Dame Satan – Beaches & Bridges
This is beautiful. At times like a slightly more ethereal version of the Cave Singers, at times even evoking seventies British psych-folk, they even end up with spooky, reverby guitar growls reminiscent of the Low Lows from time to time.
It’s not an immediate hit, however. This is the kind of album you have to ease yourself into with a few listens, I think. The pace is very, very slow for the most part, and it leaves you prone to distraction as you listen. The vocals are like some desert choirboy gone badly astray, which makes the excruciatingly slow washes of guitar even more threatening.
The dance between folk and low-fi indie is a well judged one, it has to be said. The way the album slips back and forth between the two mirrors the way the layers of the songs build in gentle, yet insistent gusts as more and more tension is steadily added to the mix. Dawn & Delta is a classic example. It starts out at a barely conscious whisper, and builds to the most restrained of crescendoes, embellished with just a little guitar noodling which could have come from the guitar of Richard Thompson. It is followed by Puget Sound, possibly the song most remimniscent of that sound on the whole album, switching gears just a little, after sounding more closely related to Americana for the first handful of songs.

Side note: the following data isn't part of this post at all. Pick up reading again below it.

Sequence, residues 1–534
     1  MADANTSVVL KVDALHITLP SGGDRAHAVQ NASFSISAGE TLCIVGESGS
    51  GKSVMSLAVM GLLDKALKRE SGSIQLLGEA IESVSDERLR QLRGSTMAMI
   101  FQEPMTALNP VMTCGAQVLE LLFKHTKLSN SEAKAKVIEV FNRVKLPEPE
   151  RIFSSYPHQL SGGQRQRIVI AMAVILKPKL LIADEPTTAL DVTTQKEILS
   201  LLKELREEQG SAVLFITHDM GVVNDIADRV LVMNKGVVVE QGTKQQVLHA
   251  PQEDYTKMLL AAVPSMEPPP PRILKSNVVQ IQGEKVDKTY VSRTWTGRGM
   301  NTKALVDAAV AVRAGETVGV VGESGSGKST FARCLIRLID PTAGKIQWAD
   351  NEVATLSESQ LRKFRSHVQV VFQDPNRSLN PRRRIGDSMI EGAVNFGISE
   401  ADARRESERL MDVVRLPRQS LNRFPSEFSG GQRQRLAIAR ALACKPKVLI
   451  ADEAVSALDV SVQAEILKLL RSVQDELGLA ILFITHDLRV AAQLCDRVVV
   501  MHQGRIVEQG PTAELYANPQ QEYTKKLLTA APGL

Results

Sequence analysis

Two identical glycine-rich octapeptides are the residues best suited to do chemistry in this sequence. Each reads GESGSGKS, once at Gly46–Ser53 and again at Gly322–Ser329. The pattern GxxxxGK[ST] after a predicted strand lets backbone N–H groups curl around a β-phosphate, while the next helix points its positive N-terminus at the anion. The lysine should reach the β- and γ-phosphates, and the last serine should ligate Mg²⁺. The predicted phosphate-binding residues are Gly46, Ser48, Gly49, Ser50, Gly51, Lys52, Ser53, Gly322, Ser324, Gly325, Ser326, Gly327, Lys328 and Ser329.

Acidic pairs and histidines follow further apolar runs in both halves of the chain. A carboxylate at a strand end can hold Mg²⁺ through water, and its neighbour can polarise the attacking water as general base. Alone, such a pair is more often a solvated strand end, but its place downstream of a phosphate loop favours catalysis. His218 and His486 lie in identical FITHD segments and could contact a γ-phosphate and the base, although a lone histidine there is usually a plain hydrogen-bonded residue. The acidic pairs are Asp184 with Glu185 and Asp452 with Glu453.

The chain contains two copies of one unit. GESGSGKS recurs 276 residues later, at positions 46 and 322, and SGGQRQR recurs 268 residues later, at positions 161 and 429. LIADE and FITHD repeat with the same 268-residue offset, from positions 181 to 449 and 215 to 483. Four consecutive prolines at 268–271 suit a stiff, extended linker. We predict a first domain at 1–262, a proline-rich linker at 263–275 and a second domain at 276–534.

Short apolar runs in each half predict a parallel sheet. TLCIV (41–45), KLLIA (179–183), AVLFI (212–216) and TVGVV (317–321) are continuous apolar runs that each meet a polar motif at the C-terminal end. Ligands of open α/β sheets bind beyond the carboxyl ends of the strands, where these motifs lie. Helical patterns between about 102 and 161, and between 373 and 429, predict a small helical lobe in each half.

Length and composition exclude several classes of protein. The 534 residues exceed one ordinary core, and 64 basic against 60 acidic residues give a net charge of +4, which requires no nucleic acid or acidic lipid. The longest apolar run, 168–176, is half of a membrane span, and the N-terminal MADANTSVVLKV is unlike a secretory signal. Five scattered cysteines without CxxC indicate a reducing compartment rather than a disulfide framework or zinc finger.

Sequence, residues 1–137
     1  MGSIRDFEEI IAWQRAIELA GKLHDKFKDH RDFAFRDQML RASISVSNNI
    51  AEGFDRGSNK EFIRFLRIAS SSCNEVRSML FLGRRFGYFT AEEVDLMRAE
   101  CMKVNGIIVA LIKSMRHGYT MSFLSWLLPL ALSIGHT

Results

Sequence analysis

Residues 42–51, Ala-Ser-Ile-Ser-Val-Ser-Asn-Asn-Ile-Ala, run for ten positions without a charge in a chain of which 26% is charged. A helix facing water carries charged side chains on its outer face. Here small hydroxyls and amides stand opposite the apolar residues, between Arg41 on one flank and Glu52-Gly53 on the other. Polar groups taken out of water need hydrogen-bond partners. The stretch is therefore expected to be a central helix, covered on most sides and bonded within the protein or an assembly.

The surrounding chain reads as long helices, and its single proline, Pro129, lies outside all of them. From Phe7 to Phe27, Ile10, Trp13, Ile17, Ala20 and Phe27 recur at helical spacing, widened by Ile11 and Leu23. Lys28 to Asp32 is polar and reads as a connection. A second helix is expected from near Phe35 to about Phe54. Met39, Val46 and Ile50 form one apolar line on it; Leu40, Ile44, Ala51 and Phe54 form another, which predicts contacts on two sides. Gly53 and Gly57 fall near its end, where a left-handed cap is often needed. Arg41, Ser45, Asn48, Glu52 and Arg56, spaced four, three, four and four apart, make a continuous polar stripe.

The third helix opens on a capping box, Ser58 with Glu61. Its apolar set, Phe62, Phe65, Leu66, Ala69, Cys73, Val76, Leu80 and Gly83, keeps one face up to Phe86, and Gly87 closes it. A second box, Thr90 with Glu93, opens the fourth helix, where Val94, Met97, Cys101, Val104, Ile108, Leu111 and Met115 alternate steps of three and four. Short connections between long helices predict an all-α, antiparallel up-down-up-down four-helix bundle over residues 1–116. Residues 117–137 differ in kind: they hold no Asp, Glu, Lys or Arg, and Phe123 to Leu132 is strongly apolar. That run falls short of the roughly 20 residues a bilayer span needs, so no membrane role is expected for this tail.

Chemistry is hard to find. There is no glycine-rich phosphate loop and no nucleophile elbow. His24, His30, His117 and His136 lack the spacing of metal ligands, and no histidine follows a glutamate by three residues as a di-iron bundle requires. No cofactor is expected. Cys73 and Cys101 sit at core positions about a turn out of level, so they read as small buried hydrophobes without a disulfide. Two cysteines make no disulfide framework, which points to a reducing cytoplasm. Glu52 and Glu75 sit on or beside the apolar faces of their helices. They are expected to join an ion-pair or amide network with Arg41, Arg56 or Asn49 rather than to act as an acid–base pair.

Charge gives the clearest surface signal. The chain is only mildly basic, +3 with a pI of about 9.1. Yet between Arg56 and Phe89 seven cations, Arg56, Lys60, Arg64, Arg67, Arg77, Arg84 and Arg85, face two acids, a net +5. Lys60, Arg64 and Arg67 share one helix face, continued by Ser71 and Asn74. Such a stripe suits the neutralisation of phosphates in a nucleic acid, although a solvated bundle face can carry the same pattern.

Why is this important? Well, it’s more to illustrate the richness of what’s going on here. I honestly was in danger of dismissing this when I first heard, with a casual ‘all the same’ shrug. The variety really is there, however, if you give it the chance to make itself known. It would be a real shame to dismiss this record too easily, because it really doesn’t deserve it.
Dame Satan, incidentally, is the name of a bomber from the Second World War, in case you were wondering. It is slightly misleading in a sense, but once you know the provenance then it fits, in its own way. I like this band, and I look forward to hearing more.
Dame Satan – Suffering Daughter
Dame Satan – Country Thief